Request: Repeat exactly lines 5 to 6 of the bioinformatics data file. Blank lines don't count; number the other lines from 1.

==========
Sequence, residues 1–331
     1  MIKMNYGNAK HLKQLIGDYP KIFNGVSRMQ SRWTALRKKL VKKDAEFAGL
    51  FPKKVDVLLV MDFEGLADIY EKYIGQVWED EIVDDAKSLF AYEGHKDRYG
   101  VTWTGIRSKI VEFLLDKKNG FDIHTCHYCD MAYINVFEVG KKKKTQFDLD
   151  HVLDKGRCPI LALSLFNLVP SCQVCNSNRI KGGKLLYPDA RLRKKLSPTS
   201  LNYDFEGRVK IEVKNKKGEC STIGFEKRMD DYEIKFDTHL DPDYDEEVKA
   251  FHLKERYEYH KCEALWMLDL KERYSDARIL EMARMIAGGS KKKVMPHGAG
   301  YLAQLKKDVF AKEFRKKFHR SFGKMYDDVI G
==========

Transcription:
   151  HVLDKGRCPI LALSLFNLVP SCQVCNSNRI KGGKLLYPDA RLRKKLSPTS
   201  LNYDFEGRVK IEVKNKKGEC STIGFEKRMD DYEIKFDTHL DPDYDEEVKA